CNG stands for Compressed Natural Gas and is the most widely used technique to store natural gas in vehicles. With CNG natural gas is compressed to about 1 percent of its volume. It is subsequently distributed to filling stations from where it can be easily transferred to natural gas vehicles and used as fuel.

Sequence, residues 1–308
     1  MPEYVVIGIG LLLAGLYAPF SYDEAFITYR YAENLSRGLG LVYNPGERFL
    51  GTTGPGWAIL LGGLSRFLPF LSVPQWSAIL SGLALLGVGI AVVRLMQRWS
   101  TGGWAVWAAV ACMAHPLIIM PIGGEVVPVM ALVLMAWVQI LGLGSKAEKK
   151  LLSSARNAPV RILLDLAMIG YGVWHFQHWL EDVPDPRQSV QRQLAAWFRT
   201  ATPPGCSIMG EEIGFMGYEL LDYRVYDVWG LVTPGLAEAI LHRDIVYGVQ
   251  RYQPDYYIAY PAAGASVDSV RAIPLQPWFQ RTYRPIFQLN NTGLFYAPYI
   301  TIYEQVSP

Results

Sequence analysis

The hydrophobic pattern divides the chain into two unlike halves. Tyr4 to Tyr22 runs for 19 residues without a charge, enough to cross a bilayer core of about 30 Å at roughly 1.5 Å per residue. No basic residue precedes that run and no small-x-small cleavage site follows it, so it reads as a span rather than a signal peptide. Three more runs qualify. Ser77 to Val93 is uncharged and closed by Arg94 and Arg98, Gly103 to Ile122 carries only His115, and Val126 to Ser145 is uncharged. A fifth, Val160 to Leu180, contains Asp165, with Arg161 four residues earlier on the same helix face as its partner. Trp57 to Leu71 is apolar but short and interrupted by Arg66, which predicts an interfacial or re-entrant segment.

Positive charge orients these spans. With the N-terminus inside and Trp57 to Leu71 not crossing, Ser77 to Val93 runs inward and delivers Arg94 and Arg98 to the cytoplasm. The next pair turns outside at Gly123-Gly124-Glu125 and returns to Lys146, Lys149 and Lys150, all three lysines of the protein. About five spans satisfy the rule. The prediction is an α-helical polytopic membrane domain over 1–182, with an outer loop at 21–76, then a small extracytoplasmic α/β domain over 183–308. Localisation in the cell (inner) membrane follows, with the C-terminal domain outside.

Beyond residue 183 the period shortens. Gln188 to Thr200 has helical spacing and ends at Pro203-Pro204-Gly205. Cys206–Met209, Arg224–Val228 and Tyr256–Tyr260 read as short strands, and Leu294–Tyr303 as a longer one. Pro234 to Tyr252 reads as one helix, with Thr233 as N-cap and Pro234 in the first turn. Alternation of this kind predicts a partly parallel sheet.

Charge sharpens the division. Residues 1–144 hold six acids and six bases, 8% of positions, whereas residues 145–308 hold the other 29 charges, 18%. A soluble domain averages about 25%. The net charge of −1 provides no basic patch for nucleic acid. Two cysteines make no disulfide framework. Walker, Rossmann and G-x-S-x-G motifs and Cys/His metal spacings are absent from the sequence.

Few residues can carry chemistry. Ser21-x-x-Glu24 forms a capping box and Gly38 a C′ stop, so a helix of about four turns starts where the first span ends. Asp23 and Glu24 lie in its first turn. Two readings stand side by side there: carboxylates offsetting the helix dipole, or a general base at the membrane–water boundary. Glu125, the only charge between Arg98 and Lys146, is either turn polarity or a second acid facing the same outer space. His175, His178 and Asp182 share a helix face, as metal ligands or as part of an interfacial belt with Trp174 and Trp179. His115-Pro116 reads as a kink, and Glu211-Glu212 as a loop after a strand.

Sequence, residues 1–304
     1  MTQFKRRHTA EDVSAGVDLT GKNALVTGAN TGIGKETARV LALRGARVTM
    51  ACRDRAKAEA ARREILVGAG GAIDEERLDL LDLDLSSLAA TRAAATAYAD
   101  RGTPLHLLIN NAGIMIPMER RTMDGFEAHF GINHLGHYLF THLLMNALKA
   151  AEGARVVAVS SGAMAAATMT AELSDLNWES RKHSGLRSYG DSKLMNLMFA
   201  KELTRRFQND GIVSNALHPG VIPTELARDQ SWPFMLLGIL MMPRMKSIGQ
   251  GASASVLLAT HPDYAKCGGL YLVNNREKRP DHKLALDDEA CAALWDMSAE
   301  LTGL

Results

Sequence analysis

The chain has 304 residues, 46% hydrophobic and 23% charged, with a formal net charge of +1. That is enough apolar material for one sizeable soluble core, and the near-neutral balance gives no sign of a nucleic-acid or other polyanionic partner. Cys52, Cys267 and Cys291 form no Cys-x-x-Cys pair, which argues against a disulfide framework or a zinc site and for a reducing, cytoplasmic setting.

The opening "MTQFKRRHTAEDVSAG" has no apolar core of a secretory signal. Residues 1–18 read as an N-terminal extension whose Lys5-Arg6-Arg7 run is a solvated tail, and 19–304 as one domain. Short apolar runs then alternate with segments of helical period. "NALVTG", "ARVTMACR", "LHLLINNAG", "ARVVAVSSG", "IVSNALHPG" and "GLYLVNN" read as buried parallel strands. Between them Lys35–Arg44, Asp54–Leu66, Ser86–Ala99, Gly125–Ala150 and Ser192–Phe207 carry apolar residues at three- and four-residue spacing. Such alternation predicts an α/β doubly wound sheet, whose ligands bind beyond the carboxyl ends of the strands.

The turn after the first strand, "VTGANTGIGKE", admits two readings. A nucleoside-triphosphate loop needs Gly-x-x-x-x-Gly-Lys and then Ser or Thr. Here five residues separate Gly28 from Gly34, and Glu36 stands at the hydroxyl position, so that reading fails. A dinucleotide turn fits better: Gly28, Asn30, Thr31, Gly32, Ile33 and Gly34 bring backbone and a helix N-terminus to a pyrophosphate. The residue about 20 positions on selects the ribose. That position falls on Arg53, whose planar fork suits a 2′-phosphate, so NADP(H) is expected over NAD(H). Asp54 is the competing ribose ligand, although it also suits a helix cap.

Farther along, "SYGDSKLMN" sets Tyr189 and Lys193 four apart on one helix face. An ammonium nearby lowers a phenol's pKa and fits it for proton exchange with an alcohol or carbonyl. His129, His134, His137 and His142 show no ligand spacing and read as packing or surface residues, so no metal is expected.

CNG is commonly used by passenger cars, which on average store around 20 kilograms of CNG (natural gas as a fuel is measured in kilograms, 1 kg of gas has about the same energy value as 1,4 liters of diesel). This gives a typical car a driving range of about 400 kilometers. CNG is however also used in vans, buses and trucks, particularly in urban areas where distances to refuelling points are relatively short. Many city buses for example are fuelled by CNG, benefitting from the extremely low emissions from natural gas vehicles of particulate matter and nitrogen oxides or NOx, substantially reducing air pollution and contributing significantly to a much healthier urban environment. CNG is increasingly offered as bio CNG with varying percentages of biomethane in the gas mix.